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  Offshore Blowouts Causes and Control
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Construction of Marine and Offshore Structures
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  Offshore Piping Systems
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   Offshore Structures
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  Australian Offshore Petroleum Safety Regulations
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  Deep Water – the disaster of Golf of Mexico and the future of Offshore Drilling
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  Offshore Well Drilling
   Download Link


  a Brief History of Offshore Well Drilling
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   Introduction to Offshore Structures
Download Link 1      Download Link 2


  Offshore Oil Well Drilling
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  Offshore Platform Design
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  Offshore pile design International practice
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Offshore Access-primer
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Offshore and Onshore Oil and Gas Exploration, Development and Production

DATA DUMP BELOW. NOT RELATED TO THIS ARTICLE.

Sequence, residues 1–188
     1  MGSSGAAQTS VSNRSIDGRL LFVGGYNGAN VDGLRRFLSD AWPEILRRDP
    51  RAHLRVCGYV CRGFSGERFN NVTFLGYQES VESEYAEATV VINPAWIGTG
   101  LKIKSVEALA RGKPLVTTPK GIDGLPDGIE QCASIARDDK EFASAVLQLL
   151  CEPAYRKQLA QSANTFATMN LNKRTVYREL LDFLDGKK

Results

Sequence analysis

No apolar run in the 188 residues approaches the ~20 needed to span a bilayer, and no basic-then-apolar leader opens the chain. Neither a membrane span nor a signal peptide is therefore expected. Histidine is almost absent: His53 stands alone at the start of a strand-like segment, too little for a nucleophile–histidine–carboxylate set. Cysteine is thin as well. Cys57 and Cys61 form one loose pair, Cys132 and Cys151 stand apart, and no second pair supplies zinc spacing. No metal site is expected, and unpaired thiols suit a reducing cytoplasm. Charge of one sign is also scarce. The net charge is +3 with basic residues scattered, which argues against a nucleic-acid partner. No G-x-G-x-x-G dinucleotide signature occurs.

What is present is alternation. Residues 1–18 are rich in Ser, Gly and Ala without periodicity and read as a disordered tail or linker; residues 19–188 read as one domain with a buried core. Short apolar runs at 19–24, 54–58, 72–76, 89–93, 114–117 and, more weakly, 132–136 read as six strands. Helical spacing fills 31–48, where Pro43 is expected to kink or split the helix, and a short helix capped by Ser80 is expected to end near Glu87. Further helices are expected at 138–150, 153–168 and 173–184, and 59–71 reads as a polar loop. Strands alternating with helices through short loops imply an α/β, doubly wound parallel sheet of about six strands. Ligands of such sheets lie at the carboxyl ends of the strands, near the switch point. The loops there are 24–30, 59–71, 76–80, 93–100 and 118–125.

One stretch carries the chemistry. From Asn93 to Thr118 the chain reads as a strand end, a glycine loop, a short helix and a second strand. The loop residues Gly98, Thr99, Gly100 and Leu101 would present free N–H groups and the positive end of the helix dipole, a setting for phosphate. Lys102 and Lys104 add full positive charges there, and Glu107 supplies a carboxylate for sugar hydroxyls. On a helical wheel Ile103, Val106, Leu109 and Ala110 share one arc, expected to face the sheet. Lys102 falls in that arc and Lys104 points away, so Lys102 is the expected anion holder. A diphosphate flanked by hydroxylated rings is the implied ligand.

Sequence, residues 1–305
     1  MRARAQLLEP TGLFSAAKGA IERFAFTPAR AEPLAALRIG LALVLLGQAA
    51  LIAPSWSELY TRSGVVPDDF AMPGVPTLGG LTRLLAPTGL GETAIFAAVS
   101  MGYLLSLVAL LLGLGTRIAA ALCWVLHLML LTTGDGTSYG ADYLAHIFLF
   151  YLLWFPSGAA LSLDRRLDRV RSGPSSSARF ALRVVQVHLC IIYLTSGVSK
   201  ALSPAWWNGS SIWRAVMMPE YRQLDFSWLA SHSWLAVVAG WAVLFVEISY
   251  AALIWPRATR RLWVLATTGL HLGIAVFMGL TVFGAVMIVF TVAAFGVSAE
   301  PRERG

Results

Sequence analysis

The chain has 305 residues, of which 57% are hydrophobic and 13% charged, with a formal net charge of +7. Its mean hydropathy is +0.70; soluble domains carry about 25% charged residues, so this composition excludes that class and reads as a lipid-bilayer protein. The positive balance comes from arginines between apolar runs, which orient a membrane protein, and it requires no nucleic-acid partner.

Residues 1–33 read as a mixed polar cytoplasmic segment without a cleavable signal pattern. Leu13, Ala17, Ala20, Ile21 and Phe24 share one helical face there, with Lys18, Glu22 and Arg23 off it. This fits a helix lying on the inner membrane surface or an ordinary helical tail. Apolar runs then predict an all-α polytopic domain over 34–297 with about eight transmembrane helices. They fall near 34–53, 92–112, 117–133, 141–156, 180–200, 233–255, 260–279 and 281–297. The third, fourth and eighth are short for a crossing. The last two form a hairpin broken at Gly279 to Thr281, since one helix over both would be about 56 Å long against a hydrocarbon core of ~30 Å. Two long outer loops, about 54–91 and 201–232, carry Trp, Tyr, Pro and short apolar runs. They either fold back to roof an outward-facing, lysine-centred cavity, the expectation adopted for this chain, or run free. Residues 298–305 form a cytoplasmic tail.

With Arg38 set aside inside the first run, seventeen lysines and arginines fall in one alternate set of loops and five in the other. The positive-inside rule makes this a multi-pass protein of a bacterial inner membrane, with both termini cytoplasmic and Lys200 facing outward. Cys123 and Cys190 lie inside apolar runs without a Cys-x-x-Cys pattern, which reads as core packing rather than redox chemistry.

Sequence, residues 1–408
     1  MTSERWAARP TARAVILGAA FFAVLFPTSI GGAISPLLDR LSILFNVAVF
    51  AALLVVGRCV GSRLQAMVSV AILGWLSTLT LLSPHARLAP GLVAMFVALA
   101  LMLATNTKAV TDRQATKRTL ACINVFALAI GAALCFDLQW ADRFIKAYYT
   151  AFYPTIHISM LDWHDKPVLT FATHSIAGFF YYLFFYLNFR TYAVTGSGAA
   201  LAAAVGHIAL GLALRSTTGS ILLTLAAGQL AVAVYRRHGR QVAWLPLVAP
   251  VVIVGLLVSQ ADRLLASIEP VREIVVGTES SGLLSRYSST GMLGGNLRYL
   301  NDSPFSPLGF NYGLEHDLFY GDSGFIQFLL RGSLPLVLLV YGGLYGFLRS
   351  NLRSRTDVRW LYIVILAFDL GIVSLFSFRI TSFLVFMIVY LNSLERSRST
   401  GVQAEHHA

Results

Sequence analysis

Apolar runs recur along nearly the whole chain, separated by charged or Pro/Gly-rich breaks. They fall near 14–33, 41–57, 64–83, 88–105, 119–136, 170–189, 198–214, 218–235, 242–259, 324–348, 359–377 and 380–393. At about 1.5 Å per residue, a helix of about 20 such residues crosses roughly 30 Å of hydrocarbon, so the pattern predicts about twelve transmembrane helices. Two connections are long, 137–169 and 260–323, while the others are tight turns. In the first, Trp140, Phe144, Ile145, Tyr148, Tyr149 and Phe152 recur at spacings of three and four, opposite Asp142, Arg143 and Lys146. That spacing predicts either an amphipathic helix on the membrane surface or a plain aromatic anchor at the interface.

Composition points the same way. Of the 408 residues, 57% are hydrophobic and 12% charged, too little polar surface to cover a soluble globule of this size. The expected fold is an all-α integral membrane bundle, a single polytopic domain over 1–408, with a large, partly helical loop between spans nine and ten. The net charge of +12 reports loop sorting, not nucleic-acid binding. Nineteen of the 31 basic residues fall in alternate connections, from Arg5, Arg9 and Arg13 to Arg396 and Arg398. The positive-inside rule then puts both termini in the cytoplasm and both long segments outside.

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Offshore Drilling Presentation 458 MB

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Offshore Movies

offshore platformOffshore Movies

in this section you will find very useful movies about offshore platforms – drilling – deepwater – drill rig – drill ship and other offshore platforms.

Offshore Platform
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Offshore Platform Installation
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Offshore Drilling Animation
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How a Deepwater Well is Drilled?
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Scientific Deep Sea Drilling and Coring Technology
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Offshore Platform Construction With Subsea Drilling System
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Deepwater Drilling
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Offshore Installations and Drilling Rigs in Norway
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Offshore Rig Operations
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DrillShip Specification